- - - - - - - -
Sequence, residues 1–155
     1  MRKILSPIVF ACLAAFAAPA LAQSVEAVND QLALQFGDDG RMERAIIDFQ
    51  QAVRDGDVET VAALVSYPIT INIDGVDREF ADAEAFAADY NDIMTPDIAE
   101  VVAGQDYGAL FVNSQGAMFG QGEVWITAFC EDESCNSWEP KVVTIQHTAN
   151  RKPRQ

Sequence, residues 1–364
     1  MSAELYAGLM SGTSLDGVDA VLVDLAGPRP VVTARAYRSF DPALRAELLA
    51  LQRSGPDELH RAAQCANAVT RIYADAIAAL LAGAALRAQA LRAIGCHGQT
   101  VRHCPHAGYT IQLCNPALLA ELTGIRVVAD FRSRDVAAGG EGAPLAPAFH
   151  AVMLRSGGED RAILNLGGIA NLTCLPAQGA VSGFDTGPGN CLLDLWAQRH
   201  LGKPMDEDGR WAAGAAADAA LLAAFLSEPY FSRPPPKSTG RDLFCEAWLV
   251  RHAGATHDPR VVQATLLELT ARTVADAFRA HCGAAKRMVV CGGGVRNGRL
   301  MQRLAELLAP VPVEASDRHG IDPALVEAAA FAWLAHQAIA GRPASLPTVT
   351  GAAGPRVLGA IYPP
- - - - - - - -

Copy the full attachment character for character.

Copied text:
Sequence, residues 1–155
     1  MRKILSPIVF ACLAAFAAPA LAQSVEAVND QLALQFGDDG RMERAIIDFQ
    51  QAVRDGDVET VAALVSYPIT INIDGVDREF ADAEAFAADY NDIMTPDIAE
   101  VVAGQDYGAL FVNSQGAMFG QGEVWITAFC EDESCNSWEP KVVTIQHTAN
   151  RKPRQ

Sequence, residues 1–364
     1  MSAELYAGLM SGTSLDGVDA VLVDLAGPRP VVTARAYRSF DPALRAELLA
    51  LQRSGPDELH RAAQCANAVT RIYADAIAAL LAGAALRAQA LRAIGCHGQT
   101  VRHCPHAGYT IQLCNPALLA ELTGIRVVAD FRSRDVAAGG EGAPLAPAFH
   151  AVMLRSGGED RAILNLGGIA NLTCLPAQGA VSGFDTGPGN CLLDLWAQRH
   201  LGKPMDEDGR WAAGAAADAA LLAAFLSEPY FSRPPPKSTG RDLFCEAWLV
   251  RHAGATHDPR VVQATLLELT ARTVADAFRA HCGAAKRMVV CGGGVRNGRL
   301  MQRLAELLAP VPVEASDRHG IDPALVEAAA FAWLAHQAIA GRPASLPTVT
   351  GAAGPRVLGA IYPP